A few years later, as I was working in Bosnia, these behaviors intensified as did wild swings between the some of the darkest thoughts I had ever experienced and a sense of hyper-religiousity.  As a result, I continued to bring toxicity to the relationships I had with others.  I also used alcohol to try to numb away the feelings I was having.  In the end, my unhealthiness contributed to the downfall of the ministry I was involved in, and I left a trail of brokenness and pain for others who did not deserve it.

When I moved back to the States, it became more and more clear that something inside of me was truly not right.  My wild mood swings continued to intensify, and my world was dark.  I again was referred to a psychiatrist and again was diagnosed with Bipolar Disorder.  This time around, I desperately wanted to be healthy so accepted the diagnosis the best I could and began taking psychotropic medications.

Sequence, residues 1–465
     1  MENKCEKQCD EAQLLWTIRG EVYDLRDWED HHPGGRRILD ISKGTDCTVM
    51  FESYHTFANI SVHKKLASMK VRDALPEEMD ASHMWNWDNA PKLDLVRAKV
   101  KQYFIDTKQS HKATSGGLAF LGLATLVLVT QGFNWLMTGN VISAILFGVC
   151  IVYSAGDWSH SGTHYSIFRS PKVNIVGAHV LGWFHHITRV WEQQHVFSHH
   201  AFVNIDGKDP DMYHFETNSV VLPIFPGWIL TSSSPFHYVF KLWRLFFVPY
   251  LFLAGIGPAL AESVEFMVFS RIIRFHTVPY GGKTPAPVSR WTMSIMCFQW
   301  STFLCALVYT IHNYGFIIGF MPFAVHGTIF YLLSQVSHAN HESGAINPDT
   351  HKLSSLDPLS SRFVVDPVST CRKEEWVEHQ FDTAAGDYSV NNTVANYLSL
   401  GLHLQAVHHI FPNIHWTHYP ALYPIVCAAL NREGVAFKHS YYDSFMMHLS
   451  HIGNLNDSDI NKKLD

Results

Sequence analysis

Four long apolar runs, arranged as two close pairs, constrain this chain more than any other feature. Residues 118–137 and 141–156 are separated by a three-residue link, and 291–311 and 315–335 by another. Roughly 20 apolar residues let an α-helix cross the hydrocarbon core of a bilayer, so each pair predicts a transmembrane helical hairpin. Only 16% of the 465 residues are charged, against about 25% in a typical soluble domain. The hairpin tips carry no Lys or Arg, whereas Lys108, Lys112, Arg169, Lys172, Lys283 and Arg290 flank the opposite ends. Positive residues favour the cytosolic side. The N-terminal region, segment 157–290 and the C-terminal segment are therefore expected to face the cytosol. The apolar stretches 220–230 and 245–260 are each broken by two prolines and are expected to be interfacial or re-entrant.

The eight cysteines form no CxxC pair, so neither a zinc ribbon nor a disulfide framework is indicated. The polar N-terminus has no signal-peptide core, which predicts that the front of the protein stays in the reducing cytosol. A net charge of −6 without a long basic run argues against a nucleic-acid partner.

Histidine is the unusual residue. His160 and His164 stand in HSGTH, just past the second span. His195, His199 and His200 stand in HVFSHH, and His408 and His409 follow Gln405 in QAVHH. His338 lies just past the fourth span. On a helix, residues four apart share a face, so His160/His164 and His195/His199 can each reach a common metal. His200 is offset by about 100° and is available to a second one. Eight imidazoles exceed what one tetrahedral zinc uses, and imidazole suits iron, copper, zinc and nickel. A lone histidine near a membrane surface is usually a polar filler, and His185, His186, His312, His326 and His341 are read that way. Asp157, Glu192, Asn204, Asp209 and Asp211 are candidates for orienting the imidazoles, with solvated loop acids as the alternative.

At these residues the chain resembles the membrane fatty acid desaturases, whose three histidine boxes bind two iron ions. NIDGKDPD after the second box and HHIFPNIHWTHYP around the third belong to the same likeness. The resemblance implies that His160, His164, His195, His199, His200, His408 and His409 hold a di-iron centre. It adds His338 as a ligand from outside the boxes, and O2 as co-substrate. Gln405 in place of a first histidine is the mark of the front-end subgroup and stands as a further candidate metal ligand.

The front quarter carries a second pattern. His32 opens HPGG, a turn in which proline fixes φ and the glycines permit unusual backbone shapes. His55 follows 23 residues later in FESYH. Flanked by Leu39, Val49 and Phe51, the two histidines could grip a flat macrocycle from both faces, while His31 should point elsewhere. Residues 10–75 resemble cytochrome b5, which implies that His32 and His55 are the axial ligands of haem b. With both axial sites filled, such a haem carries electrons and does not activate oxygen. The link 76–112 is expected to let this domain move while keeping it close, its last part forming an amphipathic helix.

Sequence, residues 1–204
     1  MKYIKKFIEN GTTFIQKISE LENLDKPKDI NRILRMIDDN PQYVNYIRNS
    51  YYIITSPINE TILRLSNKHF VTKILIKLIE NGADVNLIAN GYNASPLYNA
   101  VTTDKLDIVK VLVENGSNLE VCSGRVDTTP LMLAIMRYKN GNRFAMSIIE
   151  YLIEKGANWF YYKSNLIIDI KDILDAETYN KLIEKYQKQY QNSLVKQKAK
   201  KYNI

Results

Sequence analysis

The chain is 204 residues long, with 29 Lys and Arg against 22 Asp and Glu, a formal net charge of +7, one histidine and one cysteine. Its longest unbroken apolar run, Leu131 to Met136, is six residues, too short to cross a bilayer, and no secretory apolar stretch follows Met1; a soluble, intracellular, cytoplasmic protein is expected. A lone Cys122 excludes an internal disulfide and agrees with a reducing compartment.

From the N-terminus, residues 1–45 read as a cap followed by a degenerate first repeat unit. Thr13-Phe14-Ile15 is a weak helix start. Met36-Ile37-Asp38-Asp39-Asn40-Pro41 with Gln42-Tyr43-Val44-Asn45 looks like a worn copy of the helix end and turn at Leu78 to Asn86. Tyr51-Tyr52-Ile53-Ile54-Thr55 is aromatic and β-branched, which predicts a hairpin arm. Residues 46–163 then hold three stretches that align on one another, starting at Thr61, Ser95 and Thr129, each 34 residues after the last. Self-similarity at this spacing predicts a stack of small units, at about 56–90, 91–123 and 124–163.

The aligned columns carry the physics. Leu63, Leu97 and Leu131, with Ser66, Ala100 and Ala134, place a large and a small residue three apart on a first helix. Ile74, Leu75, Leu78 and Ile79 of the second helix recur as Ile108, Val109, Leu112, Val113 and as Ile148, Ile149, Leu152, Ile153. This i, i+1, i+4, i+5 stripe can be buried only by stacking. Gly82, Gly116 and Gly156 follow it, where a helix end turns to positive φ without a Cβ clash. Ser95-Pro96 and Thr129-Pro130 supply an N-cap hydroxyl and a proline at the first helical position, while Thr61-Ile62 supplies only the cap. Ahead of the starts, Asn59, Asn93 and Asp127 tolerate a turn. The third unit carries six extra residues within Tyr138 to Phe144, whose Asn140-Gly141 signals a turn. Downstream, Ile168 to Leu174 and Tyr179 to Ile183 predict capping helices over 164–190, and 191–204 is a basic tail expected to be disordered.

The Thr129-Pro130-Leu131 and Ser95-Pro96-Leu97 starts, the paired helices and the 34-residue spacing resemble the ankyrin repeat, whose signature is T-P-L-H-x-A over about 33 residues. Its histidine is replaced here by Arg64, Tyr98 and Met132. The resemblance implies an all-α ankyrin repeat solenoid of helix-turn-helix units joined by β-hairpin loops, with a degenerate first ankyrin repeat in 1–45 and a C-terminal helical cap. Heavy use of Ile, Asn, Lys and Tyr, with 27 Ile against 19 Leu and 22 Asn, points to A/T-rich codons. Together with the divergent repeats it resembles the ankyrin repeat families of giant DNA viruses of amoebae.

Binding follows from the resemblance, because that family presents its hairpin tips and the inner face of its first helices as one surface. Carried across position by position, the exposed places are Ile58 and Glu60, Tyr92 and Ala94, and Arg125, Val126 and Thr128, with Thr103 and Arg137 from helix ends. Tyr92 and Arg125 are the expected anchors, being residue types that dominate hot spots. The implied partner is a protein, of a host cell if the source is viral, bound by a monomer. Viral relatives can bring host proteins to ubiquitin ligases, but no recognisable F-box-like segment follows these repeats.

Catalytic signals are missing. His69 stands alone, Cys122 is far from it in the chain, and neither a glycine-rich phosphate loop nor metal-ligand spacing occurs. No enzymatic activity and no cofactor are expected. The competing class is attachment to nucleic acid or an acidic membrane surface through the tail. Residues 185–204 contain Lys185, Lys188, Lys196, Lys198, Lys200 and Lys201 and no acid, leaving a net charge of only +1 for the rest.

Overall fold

The next stop for me was seminary.  I had a dream of being a mental health provider for missionaries and other Americans working overseas.  However, I was so unhealthy, I knew that dream would likely never come to fruition.  I worked hard during seminary to begin the process of becoming healthy.  I worked with an amazing therapist to process the childhood sexual abuse of which I had been a victim and to gain coping skills to help manage my mood swings.